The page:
According to a June 17 allegation from a spokesman from Karen relief organisation, the Free Burma Ranger (FBR), Burmese military assailants raped and murdered two teenage Karen women, while passing through Kwee Law Plo village, Lu Pleh Township, Pa-an district on June 12. The victims aged 18 and 17 respectively, the first eight-months pregnant, and the second, the mother of a six-month-old baby, were raped and murdered after their husbands had escaped into the jungle to avoid being press-ganged into working as porters for the Burmese Army. Previously, on 27 December, 2008, a seven-year-old Karen girl was reported to also have been raped and murdered by a Burmese soldier.

The Burmese military have long been accused by various Karen ethnic-rights groups of using systematic rape as a weapon to terrorize border-dwelling ethnic people. A report by the Karen Women Organization (KWO) entitled “Shattering Silences” cites 125 cases of sexual violence committed between 1988 and 2004. Officers were apparently the biggest offenders, being responsible for 50% of the rapes, 40% of which were gang-rapes, and in 28% of the instances the women were subsequently murdered. Similarly, in a 2002 report entitled “Licence to Rape” by the Shan Women’s Action Network (SWAN), 173 ethnic Shan women gave evidence of having been raped or suffering sexual violence by the Burmese military.

The present mass exodus of Karen villagers began after the DKBA warned the local village headman that they were going to recruit more soldiers and porters.

“We knew what that meant, all the able-bodied men would be used by the army in one way or another, and on top of that we would have to give them money and food rations,” said villager Pa Naw Naw, 41, before he fled with his family, leaving his 11-year-old son behind to look after their house and animals. A common practice, apparently, as by far the majority of the refugees are women and children.

This is essentially a last ditch attempt to save their 6-year insurgency.”We will fight to the bitter end,” said David Thakerbaw, a 74-year-old KNU who has spent virtually his whole life fighting the Burmese military oppression. “We have no option but to fight on and hold on to every strip of land,” he said. “We know they will continue to commit human rights abuses, seize our land and control our natural resources.”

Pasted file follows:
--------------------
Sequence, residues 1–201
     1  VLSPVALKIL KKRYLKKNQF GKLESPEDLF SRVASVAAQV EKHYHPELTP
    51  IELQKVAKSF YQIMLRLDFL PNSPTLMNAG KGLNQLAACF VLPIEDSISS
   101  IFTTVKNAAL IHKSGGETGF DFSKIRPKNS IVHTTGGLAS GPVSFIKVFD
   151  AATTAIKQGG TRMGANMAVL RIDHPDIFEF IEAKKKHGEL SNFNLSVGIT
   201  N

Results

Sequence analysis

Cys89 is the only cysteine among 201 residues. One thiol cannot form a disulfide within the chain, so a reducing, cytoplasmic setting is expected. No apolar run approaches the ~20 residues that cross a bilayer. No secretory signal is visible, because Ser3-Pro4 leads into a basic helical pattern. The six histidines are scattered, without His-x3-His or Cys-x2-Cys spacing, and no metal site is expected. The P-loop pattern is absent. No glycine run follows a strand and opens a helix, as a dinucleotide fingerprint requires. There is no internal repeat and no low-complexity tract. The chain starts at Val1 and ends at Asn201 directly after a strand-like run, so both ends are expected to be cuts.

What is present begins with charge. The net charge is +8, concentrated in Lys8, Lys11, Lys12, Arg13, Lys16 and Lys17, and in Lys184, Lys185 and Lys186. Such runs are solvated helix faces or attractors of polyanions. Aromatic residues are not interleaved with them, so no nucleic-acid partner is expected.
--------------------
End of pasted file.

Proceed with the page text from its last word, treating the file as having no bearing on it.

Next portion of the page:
The latest military campaign is related to the Junta’s planned elections next year and the proposed creation of a national border police force, to be composed of the disarmed ethnic rebel armies who have ceasefire agreements with the government. “They want to eliminate (the) KNU now because we have called on all Karen to boycott the elections,” maintained Thackerbaw. “The last thing they want is for other ethnic groups to follow our lead.”

Thai wats (temples), especially those in the vicinity of the Thai border town of Mae Sot, are the mainstay for a considerable number of refugees. “They are in relatively good condition,” Kitty McKinsey, regional spokeswoman for the United Nations High Commission for Refugees, reported “They are not emaciated, though many have walked for more than seven days to escape from the Myanmar army,” apparently with only the clothes they stood up in. Pa Kyaw, a 30-year-old refugee at Wat Noh Bo in Mae Sot, said, plaintively, “We want an end to all this fighting. All we want is to be left alone in peace, and to be able to return to our homes”


Written by Lwin Aung Soe

June 18, 2009 at 4:29 am

UN assessing situation of Myanmar refugees in Thailand

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UN assessing situation of Myanmar refugees in Thailand

A cultural orientation session in a refugee camp on the Thai/Myanmar border

9 June 2009 – The United Nations refugee agency today said that it is looking into the situation of a group of several thousand Karen people who recently fled across the Moei River from Myanmar to Thailand.